A rising tide of neurologic impairment: Where’s the medical home for these children?

by Jay Berry on January 19, 2012

Many doctors feel unprepared to care for children with neurologic impairment. (Photo: Lindsey Hoshaw)

Jay Berry, MD, MPH, shown here with patient Kyler Quelch, is a pediatrician and hospitalist in the Complex Care Service at Children’s Hospital Boston. He leads the multi-institutional Complex Care Quality Improvement Research Collaborative.

As a general pediatrician, albeit one with experience in complex care, I find it extremely challenging to take care of children with neurologic impairment. A child’s nervous system can be “broken” for many reasons: a congenital brain or spinal cord malformation, severe head or neck trauma, a genetic condition or, like an increasing number of children, being born prematurely.

Most of the time, we can’t “fix” a broken nervous system. We can only try to support the body functions that are impaired as a result. Functions we take for granted: breathing, eating and digesting, moving, talking. We don’t have a lot of scientific evidence to guide us when doing this, so we sometimes have to try things without truly knowing what will and won’t work. I remain puzzled over how to treat asthma, pneumonia, impaired digestion, or chronic respiratory insufficiency in children with cerebral palsy.

Not only do children with neurologic impairment tend to have other health problems, but it’s also harder to spot them, and harder to tell when a problem is getting worse. It takes a sound understanding of each child’s “baseline” and close attention to each child’s communication style to recognize that something’s wrong. This is especially difficult when children can’t articulate their thoughts and feelings.

So, not surprisingly, many of these children receive substandard care. Several research studies report that many doctors feel uncomfortable and unprepared to provide good care for children with neurologic impairment. They misjudge the children’s comprehension, cognition and other developmental capabilities. They mismanage the durable medical equipment (such as orthopedic braces, feeding and breathing tubes) that patients often rely on to maintain their health. I struggle with these issues myself, and often seek help from pediatric neurologists and developmental pediatricians. Unfortunately, these specialist pediatricians are too few to get many of these children’s care on track.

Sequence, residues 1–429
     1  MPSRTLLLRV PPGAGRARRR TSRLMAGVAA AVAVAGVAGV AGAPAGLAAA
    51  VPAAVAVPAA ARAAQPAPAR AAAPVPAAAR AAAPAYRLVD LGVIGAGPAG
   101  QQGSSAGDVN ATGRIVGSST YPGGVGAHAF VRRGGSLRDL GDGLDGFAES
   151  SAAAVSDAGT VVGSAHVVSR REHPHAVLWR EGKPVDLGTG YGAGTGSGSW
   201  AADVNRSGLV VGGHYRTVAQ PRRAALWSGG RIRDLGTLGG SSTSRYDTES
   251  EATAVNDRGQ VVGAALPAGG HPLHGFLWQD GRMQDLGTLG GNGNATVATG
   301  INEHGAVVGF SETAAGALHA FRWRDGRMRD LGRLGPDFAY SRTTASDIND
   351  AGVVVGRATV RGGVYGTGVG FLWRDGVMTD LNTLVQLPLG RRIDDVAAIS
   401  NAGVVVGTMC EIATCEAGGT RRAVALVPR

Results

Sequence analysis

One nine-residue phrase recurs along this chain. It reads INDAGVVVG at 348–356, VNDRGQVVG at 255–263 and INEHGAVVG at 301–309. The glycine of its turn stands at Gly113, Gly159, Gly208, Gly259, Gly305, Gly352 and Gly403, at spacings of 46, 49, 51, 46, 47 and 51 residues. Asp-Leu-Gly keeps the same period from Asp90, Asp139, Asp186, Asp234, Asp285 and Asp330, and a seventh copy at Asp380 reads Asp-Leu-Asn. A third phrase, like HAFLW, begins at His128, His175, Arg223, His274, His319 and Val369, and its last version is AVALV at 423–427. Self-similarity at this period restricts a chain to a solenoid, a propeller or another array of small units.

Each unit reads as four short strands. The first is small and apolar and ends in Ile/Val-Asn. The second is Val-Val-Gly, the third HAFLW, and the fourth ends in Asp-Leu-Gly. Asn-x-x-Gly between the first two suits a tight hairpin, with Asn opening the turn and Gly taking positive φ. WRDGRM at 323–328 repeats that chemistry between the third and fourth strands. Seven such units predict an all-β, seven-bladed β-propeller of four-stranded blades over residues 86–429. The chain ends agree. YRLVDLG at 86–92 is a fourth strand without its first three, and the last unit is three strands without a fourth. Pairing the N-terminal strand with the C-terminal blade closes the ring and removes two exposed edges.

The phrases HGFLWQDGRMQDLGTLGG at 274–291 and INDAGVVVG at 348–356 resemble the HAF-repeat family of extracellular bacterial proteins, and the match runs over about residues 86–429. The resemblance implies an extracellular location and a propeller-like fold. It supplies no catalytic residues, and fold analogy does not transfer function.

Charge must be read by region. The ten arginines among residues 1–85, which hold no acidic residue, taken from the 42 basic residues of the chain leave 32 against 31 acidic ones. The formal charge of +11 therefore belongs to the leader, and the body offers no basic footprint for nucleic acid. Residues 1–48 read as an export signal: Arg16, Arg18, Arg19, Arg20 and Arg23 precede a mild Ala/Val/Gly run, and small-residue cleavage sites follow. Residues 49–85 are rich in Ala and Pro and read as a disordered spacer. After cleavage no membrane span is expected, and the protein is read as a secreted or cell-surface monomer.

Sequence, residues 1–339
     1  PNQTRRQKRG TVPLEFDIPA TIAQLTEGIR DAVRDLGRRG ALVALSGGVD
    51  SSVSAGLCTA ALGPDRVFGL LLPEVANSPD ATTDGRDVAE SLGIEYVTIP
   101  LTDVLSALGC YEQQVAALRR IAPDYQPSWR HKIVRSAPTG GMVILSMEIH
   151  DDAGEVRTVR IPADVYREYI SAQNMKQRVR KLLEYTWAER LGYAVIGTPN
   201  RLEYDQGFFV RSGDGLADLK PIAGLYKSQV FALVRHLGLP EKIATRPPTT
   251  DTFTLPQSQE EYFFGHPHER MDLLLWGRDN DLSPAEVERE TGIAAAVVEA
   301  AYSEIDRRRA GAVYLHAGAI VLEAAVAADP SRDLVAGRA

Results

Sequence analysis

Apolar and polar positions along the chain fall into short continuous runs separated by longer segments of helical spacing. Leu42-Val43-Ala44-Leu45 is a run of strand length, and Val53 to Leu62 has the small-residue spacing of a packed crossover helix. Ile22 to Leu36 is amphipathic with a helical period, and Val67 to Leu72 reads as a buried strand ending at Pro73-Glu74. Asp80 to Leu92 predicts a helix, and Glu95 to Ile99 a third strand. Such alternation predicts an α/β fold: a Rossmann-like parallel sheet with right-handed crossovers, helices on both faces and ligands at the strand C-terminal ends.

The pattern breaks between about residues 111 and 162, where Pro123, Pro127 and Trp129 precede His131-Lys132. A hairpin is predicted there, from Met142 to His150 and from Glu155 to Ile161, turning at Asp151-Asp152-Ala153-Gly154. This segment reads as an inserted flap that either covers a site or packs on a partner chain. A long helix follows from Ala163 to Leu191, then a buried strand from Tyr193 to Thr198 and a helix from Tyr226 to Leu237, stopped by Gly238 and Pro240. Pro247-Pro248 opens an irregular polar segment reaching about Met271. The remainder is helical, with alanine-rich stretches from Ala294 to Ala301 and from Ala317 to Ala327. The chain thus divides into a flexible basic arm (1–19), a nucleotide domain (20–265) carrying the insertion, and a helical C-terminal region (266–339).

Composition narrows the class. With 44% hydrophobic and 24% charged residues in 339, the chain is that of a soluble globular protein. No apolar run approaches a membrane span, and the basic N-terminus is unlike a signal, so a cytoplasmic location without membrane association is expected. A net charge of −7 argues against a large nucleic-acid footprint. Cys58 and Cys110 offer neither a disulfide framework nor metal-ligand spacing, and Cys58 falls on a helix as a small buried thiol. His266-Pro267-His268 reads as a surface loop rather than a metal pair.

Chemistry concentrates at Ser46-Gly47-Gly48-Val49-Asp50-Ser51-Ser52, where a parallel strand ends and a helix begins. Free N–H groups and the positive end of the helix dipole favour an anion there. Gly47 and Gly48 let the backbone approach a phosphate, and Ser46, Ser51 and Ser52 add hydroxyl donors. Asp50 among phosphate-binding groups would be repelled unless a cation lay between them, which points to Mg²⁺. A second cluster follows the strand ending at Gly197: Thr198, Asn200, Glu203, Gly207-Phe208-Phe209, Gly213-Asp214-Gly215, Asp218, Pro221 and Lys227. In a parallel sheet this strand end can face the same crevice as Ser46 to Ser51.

Disturbing news articles report neglect and unmet health care needs in patients with neurologic impairment. Parents, who rely on multiple specialists for their children’s care, express frustration with a system that’s not adequately equipped to serve their children and where no designated provider is “in charge,” leaving them on their own to manage their child’s health information and get help at home.

All of these things contribute to the crisis-driven care experienced by children with neurologic impairment. Solid plans often aren’t in place for when they get sick. Community clinicians are often incapable or unwilling to provide urgent care, resulting in frequent emergency department visits and hospitalizations.

And once hospitalized, children with neurologic impairment tend to stay longer and use more resources than other children. Even worse, they have a higher risk or being readmitted back to the hospital over and over again within a short amount of time.

We recently did a national study that supports our impression that children’s hospitals are becoming the medical home for children with neurologic impairment. Our data, published this week, indicate that these children are using dedicated children’s hospitals more and community hospitals less, and that within children’s hospitals, they are accounting for nearly 1 in 3 dollars spent on hospital charges. Most of their hospitalizations are for non-nervous system problems, like swallowing and digestion difficulties, respiratory impairment, and musculoskeletal problems.